This shorter statured plant is an extremely popular garden perennial, mainly because once it starts blooming it tends to put on a non-stop show for months. In most years in my southwestern Ontario garden, it starts to flower in late June or early July and keeps going till frost – sometimes as late as November, though after the drought we had here this year, they’ve pretty much finished blooming in mid-September. 

A very common cultivar (or nativar, if you prefer) is Goldsturm. There are also even shorter cultivars, usually with the word “Little” somewhere in the name. The straight species typically grows 2-3’ tall, as does the Goldsturm variety. Most of the others are only 1-2’ tall. I have yet to find a definitive article on how Goldsturm is different from the true species. If you have the scoop on this, please let me know. 

The leaves on R. fulgida tend to be much wider than on R. hirta and usually have fairly large serrations along the edges, especially on the lower leaves. As you can see in the photos, though, they may have no serrations at all. And though they may feel somewhat rough and hairy, they are not nearly as hairy (on average) as R. hirta. 

One thing is for sure – R. fulgida produces a much denser mass of colour than R. hirta, and for a much longer period of time, though R. hirta always starts flowering a couple of weeks before this one does. It’s not that fussy about where it grows – it will do well in moist to dry, sandy to clay soils in full sun to part shade. I have a patch that is in full, light shade and it is doing just fine.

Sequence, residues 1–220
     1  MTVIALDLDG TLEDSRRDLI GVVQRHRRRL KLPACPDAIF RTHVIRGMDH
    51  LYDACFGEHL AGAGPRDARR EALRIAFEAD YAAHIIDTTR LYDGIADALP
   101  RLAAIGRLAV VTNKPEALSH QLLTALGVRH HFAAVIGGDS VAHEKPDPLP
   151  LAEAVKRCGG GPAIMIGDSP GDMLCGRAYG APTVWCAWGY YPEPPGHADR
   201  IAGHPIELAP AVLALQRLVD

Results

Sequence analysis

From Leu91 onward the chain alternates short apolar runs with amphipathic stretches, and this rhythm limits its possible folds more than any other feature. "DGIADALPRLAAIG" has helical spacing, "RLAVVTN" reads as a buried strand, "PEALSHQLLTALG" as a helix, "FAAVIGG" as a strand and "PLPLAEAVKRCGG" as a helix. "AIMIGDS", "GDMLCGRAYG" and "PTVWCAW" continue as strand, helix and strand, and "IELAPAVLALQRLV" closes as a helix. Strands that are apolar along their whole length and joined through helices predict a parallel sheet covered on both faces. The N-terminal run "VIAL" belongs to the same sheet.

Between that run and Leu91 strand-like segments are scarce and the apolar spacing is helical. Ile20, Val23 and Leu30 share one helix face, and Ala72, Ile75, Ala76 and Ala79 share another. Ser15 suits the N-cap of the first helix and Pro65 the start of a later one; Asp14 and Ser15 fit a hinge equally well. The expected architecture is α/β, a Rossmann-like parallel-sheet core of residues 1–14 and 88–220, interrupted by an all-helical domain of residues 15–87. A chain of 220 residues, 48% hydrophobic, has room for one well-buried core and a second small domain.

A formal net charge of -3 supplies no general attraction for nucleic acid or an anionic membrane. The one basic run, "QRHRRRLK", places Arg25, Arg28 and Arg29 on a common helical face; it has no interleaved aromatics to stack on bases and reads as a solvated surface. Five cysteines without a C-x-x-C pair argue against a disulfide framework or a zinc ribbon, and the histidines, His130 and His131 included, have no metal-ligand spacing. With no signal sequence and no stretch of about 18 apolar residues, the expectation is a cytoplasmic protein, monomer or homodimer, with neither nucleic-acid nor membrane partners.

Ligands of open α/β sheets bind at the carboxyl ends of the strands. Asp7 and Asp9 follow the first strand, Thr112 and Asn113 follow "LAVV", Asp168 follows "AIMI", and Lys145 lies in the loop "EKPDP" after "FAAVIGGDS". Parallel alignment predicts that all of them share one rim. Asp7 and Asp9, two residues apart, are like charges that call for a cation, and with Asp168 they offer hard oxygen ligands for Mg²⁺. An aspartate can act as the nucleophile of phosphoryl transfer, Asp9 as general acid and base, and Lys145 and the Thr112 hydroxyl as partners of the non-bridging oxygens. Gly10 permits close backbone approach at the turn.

Rudbeckia fulgida typically provides a nice, solid mass of showy flowers in the garden.

R. fulgida Native Range

Rudbeckia fulgida is a more southerly plant, barely making it into Ontario.

Rubeckia triloba – Brown Eyed Susan 

Not native in Ontario, this nonetheless very popular short-lived (typically 2-3 years) perennial is the tallest of the 3 plants discussed here – in ideal conditions (full sun, moist loamy soil) it can get upwards of 5’ in height, though one writer indicated his plant hit 8’ tall!  

The easiest way to differentiate R. triloba from the other two is to take a look at the leaves near the base of the plant. These are what give this plant its specific epithet (or species name) – triloba. The lower leaves have 3 (occasionally 2) lobes, as seen in the accompanying photo. The upper leaves look quite similar to R. fulgida, with the same variability in hairiness and serrations.  

The other telltale difference is that R. triloba also tends to have a fairly reddish stem – sometimes it may be a deep solid burgundy colour, but on other plants it may be more of a striped stem. The stems are almost always fairly hairy.  

Rudbeckia triloba is probably the fussiest of the 3 for growing conditions, but it is still quite versatile. It prefers moist to mesic loamy or sandy-loam soils, though some clay is tolerated. Like Rudbeckia fulgida, it blooms from July to first frost. 

R. triloba Native Range

Rudbeckia triloba range matches fairly closely with R. fulgida, but historical records indicate is was not known in Ontario before Europeans arrived.

If you have a native plant gardening related topic that you would like to know more about, let me know and I will add it to my growing list (pun intended). If it’s something I get multiple requests for, or is simply something that strikes my fancy, it will surely move up the priority list. 

Happy Native Plant Gardening.